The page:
Tagged: nanovna

NanoVNA V2 Enclosure and Carry Case Now Available on our Store with Release Discount

We have just release for sale our latest product which is an enclosure and carry case for the NanoVNA V2. It is currently on sale until the end of this week for US$14.95 including free shipping from China to most countries. At the end of the sale the price will rise to US$19.95. Amazon will be stocked in 2-4 weeks, but will not be on sale. Please visit our store at:

www.rtl-sdr.com/store

The enclosure is made from rugged plastic (plastic was chosen as the NanoVNA designers note that a metal case may actually degrade performance). There is space included for a standard sized (non-protected) 18650 battery, and battery terminals are included for optional use (battery not included). The enclosure also has a holder for the NanoVNA V2's stylus, and as a bonus we're including a matte antiglare screen protector as we found the NanoVNA V2's screen to be quite reflective. Finally, a protective semi-hardshell carry case is also included in the set. If you are installing a battery, please consult the installation instructions PDF file.

 

NanoVNA V2+ Now Available in our Store + Upcoming Enclosure Preview

The original NanoVNA V2+ is now available in our store for a reduced price of US$64.95 with free shipping to most countries. This price will increase in the future. The NanoVNA V2+ is a low cost vector network analyzer which can be used to measure and tune antennas, filters and cables.

The model on our store is the ORIGINAL product manufactured and designed by HCQXS + OwOcomm, not a clone. So purchases from our store support the developer. It is also the newer 2.8" V2 PLUS version, which has a two times faster sweep speed compared to the older model. The price includes the calibration kit which consists of two high quality SS405 cables and a SOLT (short, open, load, through) kit. Note that in our current stock we do not include the optional acrylic case.

NanoVNA V2+ Kit

However, we do have our own third party enclosure for the NanoVNA V2 that will be released by January next year. Our enclosure will be made of rugged plastic, and will be part of a kit including an antiglare screen protector as well as a carry case. The case includes space for a standard sized (non-protected) 18650 Li-Ion battery, and will include battery terminals (the battery itself will not be included for shipping reasons, but you can find 18650 cells for a few dollars locally). Pricing is yet to be established, but we're targeting around US$14.95 to US$19.95 with free shipping included. We note that some people have requested a metal case, however after a discussion with the NanoVNA V2 designers it was noted that a metal case could actually hurt performance and is not recommended.

Prototype Enclosure Front
Prototype Enclosure Rear

Andreas Spiess Shows how to Properly use a NanoVNA V2

Over on his channel popular electronics YouTuber Andrea Spiess has uploaded a tutorial video showing how to properly use a NanoVNA V2. The NanoVNA V2 is a vector network analyzer which can be used to measure and tune things like antennas, filters and cables. In the video Andreas aims to explain the differences between the VNA, Spectrum Analyzer and VSWR meter, what you can measure with a VNA, how to read the VNA results, the limitations of cheap VNAs, why and how to calibrate, and a review of the overall quality.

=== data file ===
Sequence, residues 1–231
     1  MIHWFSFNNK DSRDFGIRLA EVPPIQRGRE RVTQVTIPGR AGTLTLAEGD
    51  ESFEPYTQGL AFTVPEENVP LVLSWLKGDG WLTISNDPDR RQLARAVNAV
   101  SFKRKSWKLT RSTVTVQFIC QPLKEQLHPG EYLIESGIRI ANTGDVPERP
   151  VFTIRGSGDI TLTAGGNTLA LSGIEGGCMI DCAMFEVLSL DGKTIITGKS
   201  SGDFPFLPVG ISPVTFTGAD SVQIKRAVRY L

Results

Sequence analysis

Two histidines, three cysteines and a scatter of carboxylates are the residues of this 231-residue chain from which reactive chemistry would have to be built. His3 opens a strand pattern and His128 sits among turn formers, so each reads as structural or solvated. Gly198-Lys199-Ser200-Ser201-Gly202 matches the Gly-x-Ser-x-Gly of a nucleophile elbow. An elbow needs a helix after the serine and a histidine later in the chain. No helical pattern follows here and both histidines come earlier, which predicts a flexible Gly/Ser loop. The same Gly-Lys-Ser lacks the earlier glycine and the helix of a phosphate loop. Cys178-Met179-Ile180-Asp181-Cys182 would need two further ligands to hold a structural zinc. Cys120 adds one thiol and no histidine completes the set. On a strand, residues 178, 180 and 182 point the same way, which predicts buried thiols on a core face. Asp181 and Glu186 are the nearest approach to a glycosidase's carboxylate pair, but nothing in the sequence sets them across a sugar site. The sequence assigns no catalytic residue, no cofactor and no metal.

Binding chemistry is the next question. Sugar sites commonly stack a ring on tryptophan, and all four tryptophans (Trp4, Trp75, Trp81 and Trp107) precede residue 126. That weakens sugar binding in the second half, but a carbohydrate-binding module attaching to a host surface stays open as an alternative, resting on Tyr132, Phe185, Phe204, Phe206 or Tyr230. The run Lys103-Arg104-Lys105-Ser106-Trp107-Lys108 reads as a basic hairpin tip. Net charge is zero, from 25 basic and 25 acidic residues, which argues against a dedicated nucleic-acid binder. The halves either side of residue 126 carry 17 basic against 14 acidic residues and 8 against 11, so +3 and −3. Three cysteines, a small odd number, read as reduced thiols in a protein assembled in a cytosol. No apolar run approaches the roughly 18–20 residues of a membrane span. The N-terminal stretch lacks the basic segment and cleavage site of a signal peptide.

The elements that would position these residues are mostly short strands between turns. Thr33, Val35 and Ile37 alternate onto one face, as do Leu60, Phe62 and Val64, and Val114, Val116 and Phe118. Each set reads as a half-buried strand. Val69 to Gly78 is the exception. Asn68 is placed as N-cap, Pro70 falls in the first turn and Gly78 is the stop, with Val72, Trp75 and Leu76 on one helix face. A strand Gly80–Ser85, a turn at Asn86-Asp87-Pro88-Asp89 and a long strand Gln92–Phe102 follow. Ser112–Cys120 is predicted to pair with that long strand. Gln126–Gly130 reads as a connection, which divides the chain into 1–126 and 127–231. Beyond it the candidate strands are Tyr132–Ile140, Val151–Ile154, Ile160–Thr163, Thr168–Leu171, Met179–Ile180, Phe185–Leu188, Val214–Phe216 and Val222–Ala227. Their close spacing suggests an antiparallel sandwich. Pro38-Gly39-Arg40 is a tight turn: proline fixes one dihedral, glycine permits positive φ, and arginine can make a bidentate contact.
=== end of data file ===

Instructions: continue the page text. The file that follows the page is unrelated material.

Andreas explains these concepts in a very easy to understand way, so this video is a great start if you've ordered a NanoVNA.

How to properly use a NanoVNA V2 Vector Network Analyzer (Tutorial)

Tech Minds: Testing Antennas with the VNA N1201SA / PS100

Over on his channel Tech Minds has uploaded a new video where he tests the N1201SA / PS100 vector impedance analyzer. This is a US$160 antenna analyzer from China that allows you to measure the VSWR of your antennas. In the video Tech Minds explains a bit about VSWR, and goes on to show the unit in action on several of his antennas.

Compared to the NanoVNA V2 these units seems less useful with a smaller frequency range, and are also more expensive. The unit is also only 1-port, meaning that it can only do S11 measurements and cannot analyze devices like filters. But on the other hand it does come in a metal case with a battery and has a fairly easy to understand and use interface.

Easily Check Your Antennas Tuning - VNA N1201SA / PS100

NanoVNA V2 Video Tutorials

The NanoVNA V2 (aka S-A-A-2) is a vector network analyzer (VNA) with 50 kHz to 3 GHz frequency range. Recently is has become readily available for around $60 + shipping from the Tindie store. We like this product a lot and are planning to get some for our store soon as well. (Update: A limited quantity of NanoVNA V2's are now available in our store)

A Vector Network Analyzer (VNA) is an extremely useful tool for radio hobbyists as it allows you to measure and tune antennas and filters, as well as measure cable loss among other applications. Until recently low cost VNA's cost hundreds of dollars. Then came along the original NanoVNA which brought expensive VNA capabilities to the masses with its low $40 pricing. But the original design is limited to a maximum frequency of only 900 MHz. The new V2 design pushes this maximum frequency up to 3 GHz officially, and unofficially up to 4.4 GHz with reduced performance. It also improves on overall dynamic range and maintains the affordable sub $100 price. We note that the NanoVNA V2 is unrelated to the original NanoVNA apart from being the inspiration, and sharing the same firmware base.